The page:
A Tucson man who secretly filmed his teen stepdaughter in the bathroom before killing her and dumping her pajama-clad body in the desert was sentenced Monday to life in prison without the possibility of release, plus an additional 34 years.
Joshua Lelevier, 39, was convicted by a Pima County Superior Court jury on Nov. 29 of first-degree murder, abandonment of a dead body and two counts each of sexual exploitation of a minor, domestic-violence-related surreptitious recording and voyeurism in the May 2017 slaying of 13-year-old Jayden Glomb.
He automatically faced a sentence of natural life in prison.
Jayden was reported missing from her Vail home on May 11, 2017. Her body was discovered later that day, dumped in a desert area less than two miles from her home.
The courtroom was packed full of Jayden’s family members, along with friends and co-workers of her mother, Jessica Oliver, during Monday’s sentencing, with several jurors from the case returning to hear Superior Court Judge Michael Butler hand down his sentence.
Deputy Pima County Attorney Jonathan Mosher asked Butler to impose the maximum sentence of 17 years on each sexual-exploitation count, saying Lelevier left a “trail of devastation” for Jayden’s family, friends and the community.
Mosher outlined Lelevier’s behavior in the weeks leading up to Jayden’s death, saying he demonstrated a “’very clear pattern” in his attempts to sexually exploit the teen. Jayden told a friend two months before her death that she had caught Lelevier slipping his phone under her bathroom door and trying to photograph her while she was partially dressed and drying her hair.
Lelevier went on to purchase spy cameras, installing them in Jayden’s bathroom and capturing the girl in several compromising situations before abruptly stopping the filming and removing the cameras.
Days later, Lelevier began researching causes of death and drafted a fake suicide note on Jayden’s computer.
“This is Josh Lelevier planning to kill Jayden,” Mosher said. “There is no other excuse, no other explanation and no other reasonable interpretation of this evidence.”
Mosher pointed out Lelevier’s lack of apparent emotion during his testimony and throughout the trial, and referenced his unusual behavior following Jayden’s death.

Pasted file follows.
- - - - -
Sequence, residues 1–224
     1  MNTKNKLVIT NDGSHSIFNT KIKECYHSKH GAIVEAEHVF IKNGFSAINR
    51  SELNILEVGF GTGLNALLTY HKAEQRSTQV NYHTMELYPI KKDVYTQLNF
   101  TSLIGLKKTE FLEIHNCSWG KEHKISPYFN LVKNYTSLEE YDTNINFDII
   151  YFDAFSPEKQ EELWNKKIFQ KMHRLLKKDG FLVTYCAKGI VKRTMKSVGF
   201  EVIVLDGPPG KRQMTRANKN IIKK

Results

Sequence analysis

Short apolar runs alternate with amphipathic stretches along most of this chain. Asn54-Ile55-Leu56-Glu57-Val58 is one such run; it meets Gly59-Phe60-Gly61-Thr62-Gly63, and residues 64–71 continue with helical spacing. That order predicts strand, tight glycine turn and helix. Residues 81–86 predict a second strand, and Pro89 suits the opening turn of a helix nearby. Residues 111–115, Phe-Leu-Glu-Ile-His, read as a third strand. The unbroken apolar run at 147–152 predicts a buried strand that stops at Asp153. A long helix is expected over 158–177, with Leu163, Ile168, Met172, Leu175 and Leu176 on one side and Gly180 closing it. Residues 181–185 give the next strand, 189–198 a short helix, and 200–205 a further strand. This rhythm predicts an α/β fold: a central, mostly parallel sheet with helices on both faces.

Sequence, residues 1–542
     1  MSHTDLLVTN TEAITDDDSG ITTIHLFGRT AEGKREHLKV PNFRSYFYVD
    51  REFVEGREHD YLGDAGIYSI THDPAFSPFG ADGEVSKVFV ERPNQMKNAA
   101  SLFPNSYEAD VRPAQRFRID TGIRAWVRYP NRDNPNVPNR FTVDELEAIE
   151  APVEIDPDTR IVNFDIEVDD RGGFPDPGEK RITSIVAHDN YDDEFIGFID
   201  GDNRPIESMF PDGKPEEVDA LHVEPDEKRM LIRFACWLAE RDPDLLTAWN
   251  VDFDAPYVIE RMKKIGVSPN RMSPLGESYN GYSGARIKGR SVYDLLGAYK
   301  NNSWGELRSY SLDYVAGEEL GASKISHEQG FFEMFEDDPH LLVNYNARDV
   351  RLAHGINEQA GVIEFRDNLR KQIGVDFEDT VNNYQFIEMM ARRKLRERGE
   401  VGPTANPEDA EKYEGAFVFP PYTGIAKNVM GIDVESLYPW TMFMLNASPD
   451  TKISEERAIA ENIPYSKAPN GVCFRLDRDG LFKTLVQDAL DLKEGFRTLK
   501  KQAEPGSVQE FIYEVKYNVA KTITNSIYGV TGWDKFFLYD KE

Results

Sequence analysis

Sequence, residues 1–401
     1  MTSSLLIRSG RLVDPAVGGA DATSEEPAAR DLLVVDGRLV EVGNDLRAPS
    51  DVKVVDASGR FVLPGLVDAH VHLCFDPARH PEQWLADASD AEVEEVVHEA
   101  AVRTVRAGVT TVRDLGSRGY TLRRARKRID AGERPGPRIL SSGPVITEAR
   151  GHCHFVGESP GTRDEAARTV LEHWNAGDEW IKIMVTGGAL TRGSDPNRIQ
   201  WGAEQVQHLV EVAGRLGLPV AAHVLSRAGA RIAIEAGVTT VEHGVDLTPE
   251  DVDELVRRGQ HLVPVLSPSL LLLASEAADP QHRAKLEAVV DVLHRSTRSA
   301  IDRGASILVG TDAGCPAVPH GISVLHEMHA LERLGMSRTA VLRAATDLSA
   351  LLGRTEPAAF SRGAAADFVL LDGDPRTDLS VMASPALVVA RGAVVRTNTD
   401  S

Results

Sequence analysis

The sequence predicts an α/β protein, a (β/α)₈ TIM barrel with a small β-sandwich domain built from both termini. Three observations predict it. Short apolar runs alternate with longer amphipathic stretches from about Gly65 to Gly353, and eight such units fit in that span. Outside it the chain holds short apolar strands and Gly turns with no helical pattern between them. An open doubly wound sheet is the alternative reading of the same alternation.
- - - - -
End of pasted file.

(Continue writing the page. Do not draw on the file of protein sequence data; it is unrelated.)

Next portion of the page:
Lelevier told police he woke up at 1:30 a.m. to find Jayden missing from the house, with the sliding glass door left partially ajar and no signs of forced entry. He claimed to have driven through the surrounding neighborhoods searching for Jayden before waking her mother up to tell her the girl was gone.
In the days following the discovery of Jayden’s body, Lelevier made several calls to police, first reporting that he found a spare key to the family car hidden in the front yard of their home and then to say he’d been assaulted by an unseen assailant in the middle of the night.
During a memorial for Jayden a week after her body was found, Lelevier approached Jayden’s father, offering his condolences and shaking the grieving father’s hand, which Mosher called “bone-chilling and calculatingly cold.”
After Mosher’s statement to the court, a victim advocate with the County Attorney’s Office read the eulogy from Jayden’s funeral, in lieu of her parents making victim impact statements to the court.
“Jayden Renee was dancing to the rhythm of life since she was a toddler,” the eulogy began, going on to talk about her fearless nature and her dream of someday visiting and dancing in Spain.
Prosecutors followed up the eulogy with a slide show featuring photos and videos of Jayden, played to the song “Dancing in the Sky.” The muffled sounds of crying were notably audible as the song played in the courtroom, with several people in the gallery wiping away tears.
“Today is not the day to retry the case,” Lelevier’s defense attorney, Walter Palser, said to Butler after the video ended. “That’s an issue for appeal.”
Palser pointed out there were no aggravating factors in the case and alerted Butler to the mitigating factors that he said should be taken into consideration on the sexual-exploitation charges, including the continued support of Lelevier’s mother and father and his 18-year career in the military.
“We’ve all seen much more heinous circumstances,” Palser said, referencing Mosher’s statement about the heinous nature of Lelevier’s crimes.
Palser asked for a 10-year sentence on each of the sexual-exploitation charges and concurrent sentences for the remaining five charges.
Lelevier, who testified during trial, declined to speak on his own behalf
Butler praised the “tremendous bravery” of Oliver and Jayden’s friends who testified during trial to what he called the “nightmare” they lived through.
Butler said the jury answered the question of who killed Jayden, but the remaining question of “why” continues to torment her family and friends.
“I’m not sure if that answer would provide any comfort,” Butler said, adding that it could lead Jayden’s loved ones to wonder what they could have done differently to prevent her death.
Butler said Mosher was correct in saying only one person on the planet is responsible for killing Jayden, before he imposed the state-mandated sentence of life in prison with no chance of release, and the maximum sentence of 17 years in each of the sexual-exploitation charges, set to run consecutively.
Lelevier was also sentenced to 1.5 years in prison for each of the remaining five charges, to be served concurrently with his other sentences
Lelevier has 20 days to appeal his sentence.
“The justice system worked today as well as it absolutely can,” said Julia Palfreyman, an attorney representing Jayden’s mother. “You can’t bring Jayden back, but the family can certainly be relieved that (Lelevier will) never be out again and he’ll never be able to hurt another child again.”